Jess, who’s 13, writes: Over the summer, dad and I visited Birmingham for a programming event I was taking part in, and found ourselves with some time to spare. We generally divided our time between walking around the shops in the Bullring shopping centre and watching TV in our hotel room, but decided that we needed to actually go somewhere and do something instead…
We had been staying in the Birmingham Central Bull Ring Travelodge, and found it was perfect for our stay – it was spacious and quiet, and our rooms had everything needed for a short stay. To top it all off, the hotel was only a ten minute walk from our train station (Birmingham New Street) and was only a minute from the Bullring Shopping Centre. This meant that dad and I spent an awful lot of time drinking Starbucks, eating food from Wagamamas and going to cinemas! The breakfast wasn’t lavish, but it did have everything needed and I do think that our hotel would be a great choice for families visiting Birmingham.
As dad and I decided that we couldn’t just spend all of our free time shopping, I looked up local attractions and found a museum which intrigued me – a pen museum! Dad and I decided to walk over and take a look inside, and were pleasantly surprised. We must have spent around an hour in the museum, and learnt a lot.
During the 19th Century, 75 per cent of everything written in the world was with a “Birmingham” pen. Birmingham’s factories were at the head of this trade until the invention of the biro and fountain pen in the 1950s. At one time, there were around 100 factories in the Birmingham’s Jewellery Quarter! The development of the steel pen reduced the cost of writing and enabled the spread of literacy throughout the world.
The Pen Museum has the atmosphere of a Victorian pen factory and is “dedicated to preserving and promoting the legacy of [the pen] trade” It is fairly small (there are only two rooms) but there were lots of volunteers to explain different contraptions and to take us on a tour of the museum.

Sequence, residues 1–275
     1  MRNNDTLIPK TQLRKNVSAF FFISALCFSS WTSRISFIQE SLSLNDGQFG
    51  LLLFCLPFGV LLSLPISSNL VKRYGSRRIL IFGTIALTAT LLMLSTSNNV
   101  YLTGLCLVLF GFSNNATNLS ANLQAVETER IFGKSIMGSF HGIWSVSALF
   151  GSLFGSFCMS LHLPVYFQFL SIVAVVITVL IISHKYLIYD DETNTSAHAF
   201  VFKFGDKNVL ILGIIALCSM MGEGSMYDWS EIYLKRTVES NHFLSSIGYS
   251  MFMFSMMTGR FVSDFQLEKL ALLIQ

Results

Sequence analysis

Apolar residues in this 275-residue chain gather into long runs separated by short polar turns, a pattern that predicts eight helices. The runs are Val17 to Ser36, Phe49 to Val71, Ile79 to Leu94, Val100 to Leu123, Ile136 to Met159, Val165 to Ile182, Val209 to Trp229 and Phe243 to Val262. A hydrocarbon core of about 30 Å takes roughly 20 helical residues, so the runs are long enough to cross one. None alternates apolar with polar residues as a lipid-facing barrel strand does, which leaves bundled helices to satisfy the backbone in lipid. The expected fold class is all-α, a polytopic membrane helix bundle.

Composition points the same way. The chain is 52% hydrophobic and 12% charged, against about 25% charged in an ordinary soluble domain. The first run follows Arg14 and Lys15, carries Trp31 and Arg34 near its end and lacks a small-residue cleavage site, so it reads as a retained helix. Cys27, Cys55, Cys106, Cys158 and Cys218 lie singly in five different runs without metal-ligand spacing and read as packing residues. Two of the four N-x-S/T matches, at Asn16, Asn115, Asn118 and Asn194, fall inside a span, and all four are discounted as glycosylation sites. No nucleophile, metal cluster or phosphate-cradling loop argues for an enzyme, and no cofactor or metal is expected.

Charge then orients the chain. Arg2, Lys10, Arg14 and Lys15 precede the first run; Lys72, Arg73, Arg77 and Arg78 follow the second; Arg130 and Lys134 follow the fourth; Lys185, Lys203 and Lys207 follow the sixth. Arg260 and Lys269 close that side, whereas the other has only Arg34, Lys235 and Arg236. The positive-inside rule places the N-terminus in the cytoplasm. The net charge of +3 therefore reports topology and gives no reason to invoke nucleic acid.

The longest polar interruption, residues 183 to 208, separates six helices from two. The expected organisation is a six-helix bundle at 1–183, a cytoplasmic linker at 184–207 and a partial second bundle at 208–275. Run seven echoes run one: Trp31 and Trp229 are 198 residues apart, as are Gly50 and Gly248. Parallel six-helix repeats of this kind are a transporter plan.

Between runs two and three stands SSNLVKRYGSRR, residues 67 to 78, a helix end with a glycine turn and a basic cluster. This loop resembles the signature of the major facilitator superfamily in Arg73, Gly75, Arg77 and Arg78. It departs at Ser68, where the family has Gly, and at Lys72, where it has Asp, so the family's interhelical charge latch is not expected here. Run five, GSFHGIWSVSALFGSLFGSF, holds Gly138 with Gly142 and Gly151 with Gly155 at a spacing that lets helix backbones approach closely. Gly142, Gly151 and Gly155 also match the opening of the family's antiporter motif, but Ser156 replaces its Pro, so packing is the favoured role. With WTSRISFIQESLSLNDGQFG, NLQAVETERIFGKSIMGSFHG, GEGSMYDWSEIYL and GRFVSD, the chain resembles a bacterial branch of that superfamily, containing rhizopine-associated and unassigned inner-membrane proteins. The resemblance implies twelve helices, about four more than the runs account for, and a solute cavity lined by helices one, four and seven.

Dad and I were taken around the museum with about ten other people, and the man who was taking us around was friendly and very funny. We were shown displays of pen nibs which were entered in competitions, strange inkwells shaped like animals, antique typewriters and very old telephone systems. I loved sitting down and trying my hand at calligraphy which I was terrible at; my hands were absolutely covered in navy ink within about two minutes…
I really enjoyed seeing how braille is printed onto paper. You write your name down and work out the corresponding numbers, and then you put a sheet through a machine and press onto these numbers. The paper comes out looking and feeling exactly like braille, which was really cool.
However, my highlight of our visit had to be making a pen nib using exactly the same machines that would have been used in Victorian times. We started with a sheet of metal, which we cut into the distinctive shape. To do this, I had to pull on the machine’s handle really hard – it was incredible to think that the women working there had to make thousands a day!
After we pressed, curved, hardened, and slit the metal, Dad and I had successfully created a real pen nib. My arm was aching from how hard you had to pull the machines.
Overall, Dad and I do recommend The Pen Museum if you have a spare hour in Birmingham as everyone is lovely, there is lots to see and learn, and I really liked the interactive demonstrations. Who knew that pens were so interesting?!
Entry to The Pen Museum is £2.00 for adults and free from under-16s.
Disclosure: Jessica and Brian stayed at the Birmingham Central Bull Ring Travelodge on a complimentary basis, although the company had no input into this blog post. Family rooms now have separate space saving truckle beds, offering children their own individual bed and providing more space in the room. Plus kids eat free, including all you can eat breakfast. Rooms cost from £35 a night upwards.
Some other lovely museums which I’ve visited